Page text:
If you’re looking for information on the gorgonopsids and their world, this book is rather thin on that. Instead, it’s mostly about Ward’s career and some of his excavations and initiatives. Admittedly, much of that is in the service of getting information about the gorgonopsids, but the book is rather thin on what was actually found. There is some interesting stuff on pinning down that mass extinction and figuring out how fast it happened, but the gorgonopsids in life — how they lived, what they did — are absent.
So pretty interesting in terms of understanding Ward’s career as a palaeontologist, with the appropriate set pieces about how hot it was and how difficult, etc, etc, but low on actual pre-dinosaurian monsters ruling the Earth.
If you’re expecting something based a bit more on humans and how they evolved, remember it’s Brian Cox and think bigger — it’s more about our place in the universe, our understanding of it, and what we might find out there in the vastness of space. It’s not really about us as a species, I think, but about how we see the world around us. So yeah, more physics, less biology. Which makes sense, given the author, and it’s easier to absorb than his other book I’ve read (Universal). It goes into interesting stuff like the Fermi Paradox and the Drake Equation, which is right up my street, and it avoids too much jargon or demands that the reader understand math.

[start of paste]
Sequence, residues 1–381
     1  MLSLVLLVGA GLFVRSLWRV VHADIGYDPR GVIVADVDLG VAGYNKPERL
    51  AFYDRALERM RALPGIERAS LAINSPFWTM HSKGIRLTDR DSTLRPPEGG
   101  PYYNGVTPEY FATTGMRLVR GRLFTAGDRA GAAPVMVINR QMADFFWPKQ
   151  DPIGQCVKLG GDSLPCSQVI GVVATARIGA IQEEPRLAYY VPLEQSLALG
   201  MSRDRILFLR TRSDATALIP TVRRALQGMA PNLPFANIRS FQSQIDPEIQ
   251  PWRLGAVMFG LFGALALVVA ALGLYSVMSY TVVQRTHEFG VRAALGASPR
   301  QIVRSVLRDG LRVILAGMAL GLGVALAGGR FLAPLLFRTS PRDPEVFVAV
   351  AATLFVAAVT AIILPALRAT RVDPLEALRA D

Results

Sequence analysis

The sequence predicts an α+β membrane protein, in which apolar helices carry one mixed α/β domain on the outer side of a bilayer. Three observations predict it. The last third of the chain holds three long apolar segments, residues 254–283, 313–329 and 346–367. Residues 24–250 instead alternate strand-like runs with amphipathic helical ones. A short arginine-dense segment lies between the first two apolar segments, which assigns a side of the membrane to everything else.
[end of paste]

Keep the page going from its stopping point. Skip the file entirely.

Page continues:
That said, it wasn’t amazing, from my point of view — mildly interesting, but not really my thing.
This is a fairly in-depth examination of the Wall and the archaeology done around it to try and understand what it was used for and at what times. As such, it’s a lot of information that most people wouldn’t expect to hold in their heads after, unless they’re deeply interested in the topic. Which is pretty much exactly why I read this, back during my exam period. I really love reading books like this that sift through the archaeology, present possible conclusions and discuss what is most likely. I don’t expect to remember this or that about the forts — no one expects me to remember it — but all the same I learned about the Romans and the British of the period, and got to connect some dots in what I know.
It’s perhaps not the most scintillating reading if you’re not pretty engaged and interested in the topic, but it’s interesting stuff and they make a good case for their ideas.
Power, Sex, Suicide: Mitochondria and the Meaning of Life, Nick Lane
I read this while I was preparing for one of the final exams of my biology degree, so perhaps it’s no surprise that I found it helpful in revising some of the topics (mostly apoptosis!), but also found that knowledge useful in understanding the book itself. To me, it seemed an incredibly clear and well-written account of the role of mitochondria in life and the origin of life, and I didn’t really find any major holes in it based on what I know. If you’ve read The Vital Question, then a lot of the ideas in it aren’t new — but of course, that makes sense, since The Vital Question is a more recent book by the same author.
And since this is pop science, I should add that you don’t need the biology degree to understand it. It might be slower going and less like pleasure reading if you don’t have a solid background in science, but it should work at that level too.
I do roll my eyes a little bit at the title, which is obviously drumming up excitement by sounding provocative and then like a self-help book, but hey, maybe it’s persuaded someone on the fence to pick it up just through sounding a bit unusual for the section it’s in. It’s worth picking up, definitely.